The momentum against increasingly intrusive ad tech is continuing to gain strength, with major U.K. carrier EE stepping into the debate with an announcement that it’s launching a strategic review on whether to offer its users the ability to control the advertising they see on their mobile devices.
“We think it’s important that, over time, customers start to be offered more choice and control over the level and intensity of ads on mobile. For EE, this is not about ad blocking, but about starting an important debate around customer choice, controls and the level of ads customers receive,” EE CEO Olaf Swantee told the Sunday Telegraph yesterday, plumping for the anodyne phrase ‘customer choice’, rather than the more charged term ‘ad blocking’.
“This is an important debate that needs to happen soon. That’s why we’ve kicked off a strategic review internally to start considering our plans,” he added.
According to the paper, the review will consider options for creating tools for users that would allow them to block some forms of advertising on the mobile web and potentially within apps, including banners, pop-ups and auto-playing videos. A user volume control for advertising is another measure being considered.
While EE has no firm plans as yet, the fact it’s considering offering ad controls is very much a sign of the times. Apple of course added support for content blocking in the latest version of its mobile OS, iOS 9 — which has quickly led to a cottage industry of content-blocking (and ad blocking) apps arriving on the App Store. (And, most recently, moves by media companies to fight such apps.)
Cupertino flicking the content blocking switch is set against a backdrop of increased uptake of ad blocking software in recent years, and growing awareness of privacy issues since the 2013 Snowden revelations — which revealed the extent of government mass surveillance programs and how they systematically harvest data from commercial tech companies.
Talking to TechCrunch this summer, ad block software maker, Adblock Plus, noted it’s seen a steady download clip since 2013 — with an average of 2.3M downloads per week, and some 50M to 60M active users as of July.
The third strand is the one directly referenced by Swantee: growing user irritation at increasingly intrusive ads on mobile devices — exacerbated by the added annoyance of mobile data being consumed by adverts a user may not even want to see, and slower page load times thanks to sites larded with ad tracking tech.
The carrier chief stressed EE is not looking at a blanket block on all advertising, but rather is considering providing users with some ad-related options.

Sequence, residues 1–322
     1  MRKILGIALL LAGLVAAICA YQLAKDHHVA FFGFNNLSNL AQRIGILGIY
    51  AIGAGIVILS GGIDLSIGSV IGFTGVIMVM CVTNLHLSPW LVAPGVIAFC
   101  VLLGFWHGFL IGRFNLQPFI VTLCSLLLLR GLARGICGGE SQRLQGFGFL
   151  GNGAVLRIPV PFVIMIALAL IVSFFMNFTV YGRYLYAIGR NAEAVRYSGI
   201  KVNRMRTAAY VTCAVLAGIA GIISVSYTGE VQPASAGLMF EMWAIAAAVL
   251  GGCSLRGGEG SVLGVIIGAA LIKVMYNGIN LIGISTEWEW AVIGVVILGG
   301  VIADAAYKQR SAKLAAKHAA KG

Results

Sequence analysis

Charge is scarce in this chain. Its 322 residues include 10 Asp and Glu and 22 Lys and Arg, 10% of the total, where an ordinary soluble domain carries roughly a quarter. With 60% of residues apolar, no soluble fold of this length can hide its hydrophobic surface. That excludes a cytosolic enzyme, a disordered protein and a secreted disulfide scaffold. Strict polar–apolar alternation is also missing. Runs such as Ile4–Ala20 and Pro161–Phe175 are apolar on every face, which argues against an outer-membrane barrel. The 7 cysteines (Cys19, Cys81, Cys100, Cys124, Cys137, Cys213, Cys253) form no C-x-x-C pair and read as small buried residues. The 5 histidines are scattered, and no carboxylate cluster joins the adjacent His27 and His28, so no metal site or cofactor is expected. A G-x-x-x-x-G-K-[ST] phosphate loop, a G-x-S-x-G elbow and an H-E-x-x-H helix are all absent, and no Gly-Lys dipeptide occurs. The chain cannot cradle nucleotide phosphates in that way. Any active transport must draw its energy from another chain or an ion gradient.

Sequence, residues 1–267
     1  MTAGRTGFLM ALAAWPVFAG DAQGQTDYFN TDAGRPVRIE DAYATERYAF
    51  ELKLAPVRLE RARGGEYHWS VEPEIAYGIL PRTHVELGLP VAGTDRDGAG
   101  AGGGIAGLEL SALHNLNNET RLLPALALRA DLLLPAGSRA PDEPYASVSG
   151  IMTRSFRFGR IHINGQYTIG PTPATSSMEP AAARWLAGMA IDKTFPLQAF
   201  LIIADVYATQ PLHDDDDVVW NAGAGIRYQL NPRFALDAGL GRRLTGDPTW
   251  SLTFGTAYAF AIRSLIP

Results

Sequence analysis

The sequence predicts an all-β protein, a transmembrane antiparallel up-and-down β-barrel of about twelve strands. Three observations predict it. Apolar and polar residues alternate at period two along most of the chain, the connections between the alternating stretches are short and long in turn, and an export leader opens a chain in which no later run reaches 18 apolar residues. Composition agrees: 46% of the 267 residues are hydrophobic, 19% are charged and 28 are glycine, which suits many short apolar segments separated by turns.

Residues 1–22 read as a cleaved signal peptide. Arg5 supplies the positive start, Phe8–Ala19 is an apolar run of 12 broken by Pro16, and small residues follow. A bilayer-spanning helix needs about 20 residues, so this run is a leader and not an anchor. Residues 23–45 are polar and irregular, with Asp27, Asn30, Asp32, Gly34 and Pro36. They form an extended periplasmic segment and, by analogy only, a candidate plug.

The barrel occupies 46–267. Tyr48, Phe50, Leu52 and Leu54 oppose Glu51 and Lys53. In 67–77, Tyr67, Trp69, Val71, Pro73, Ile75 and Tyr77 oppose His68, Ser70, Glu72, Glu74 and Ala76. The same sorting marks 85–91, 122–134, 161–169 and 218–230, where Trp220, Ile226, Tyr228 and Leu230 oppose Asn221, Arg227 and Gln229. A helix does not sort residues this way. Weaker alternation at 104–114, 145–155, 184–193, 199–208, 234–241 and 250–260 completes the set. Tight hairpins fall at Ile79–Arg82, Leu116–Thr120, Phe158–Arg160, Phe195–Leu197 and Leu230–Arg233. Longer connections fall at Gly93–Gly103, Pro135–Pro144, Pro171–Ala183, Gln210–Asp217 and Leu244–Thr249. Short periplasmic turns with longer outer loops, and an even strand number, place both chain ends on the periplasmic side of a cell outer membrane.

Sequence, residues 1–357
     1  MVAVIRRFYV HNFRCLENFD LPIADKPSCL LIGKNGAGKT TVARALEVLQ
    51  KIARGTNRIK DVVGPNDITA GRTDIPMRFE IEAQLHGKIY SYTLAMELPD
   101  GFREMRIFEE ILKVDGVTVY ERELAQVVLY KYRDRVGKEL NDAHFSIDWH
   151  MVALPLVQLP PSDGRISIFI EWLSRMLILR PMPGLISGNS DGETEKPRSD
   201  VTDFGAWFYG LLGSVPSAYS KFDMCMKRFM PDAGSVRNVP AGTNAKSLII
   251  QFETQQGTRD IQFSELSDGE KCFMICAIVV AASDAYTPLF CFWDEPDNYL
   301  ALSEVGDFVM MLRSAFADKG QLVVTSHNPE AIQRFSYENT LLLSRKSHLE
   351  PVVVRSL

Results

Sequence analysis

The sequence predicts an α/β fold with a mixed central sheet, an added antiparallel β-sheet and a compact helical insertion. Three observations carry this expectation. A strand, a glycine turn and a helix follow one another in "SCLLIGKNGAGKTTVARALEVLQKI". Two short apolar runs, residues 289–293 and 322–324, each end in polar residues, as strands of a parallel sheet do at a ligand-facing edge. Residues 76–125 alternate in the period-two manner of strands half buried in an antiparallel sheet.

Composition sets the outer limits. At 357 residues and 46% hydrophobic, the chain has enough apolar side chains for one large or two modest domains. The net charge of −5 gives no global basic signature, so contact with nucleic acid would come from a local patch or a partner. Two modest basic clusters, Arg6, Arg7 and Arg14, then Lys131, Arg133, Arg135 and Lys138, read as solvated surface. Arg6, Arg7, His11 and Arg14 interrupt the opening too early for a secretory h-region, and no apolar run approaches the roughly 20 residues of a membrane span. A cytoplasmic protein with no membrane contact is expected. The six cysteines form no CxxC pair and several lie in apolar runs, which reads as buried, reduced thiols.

“Advertising, when done well, can be a valued part of the experience. Not all ads are bad. When a business gets it right, it’s appreciated and sparks a connection. But when it’s intrusive or crass it can drive people crazy,” he told the newspaper.
On the carrier side, blocking or controlling ads at the network level could be one way for operators to gain a strategic foothold over the Internet companies they have long complained are turning their businesses into dumb pipes by offering services that often circumvent their revenue streams.
It’s unclear whether EE’s strategic review on offering ad controls has been encouraged by European politicians agreeing net neutrality rules for the region last month. Rules which include an exception for Internet fast lanes offering so-called “specialized services”. Following the net neutrality vote, German carrier DT suggested it would be launching a service to charge startups for “guaranteed good transmission quality”, for instance.
Internet giants like Google may be able to pay for fast enough infrastructure to power their services despite any such “specialized” carrier fast-lanes, but they are dependent on advertising revenues so reliant on their ads being displayed in the first place — so any carrier moves to restrict or block ads on mobile could pose a strategic threat to theses business models. Especially if such moves prove popular with users.
And while EE is only one of four major carriers in the U.K. market, a popular move by one operator would likely soon be adopted by others.
Google already pays AdBlock Plus an undisclosed amount to whitelist ads to circumvent its blocking software. Carriers may well be eyeing a similar deal to claw back some of the ‘value’ being generated by the mobile data packets they shuttle around their networks.
In terms of the size of the pie here, figures from research firm eMarketer last year noted that global mobile ad revenues surged 105% in 2013, bringing in nearly $18 billion in sales. That’s since leapt up significantly, with eMarketer forecasting the U.S. market alone will generate $30.45 billion in mobile ad spending this year.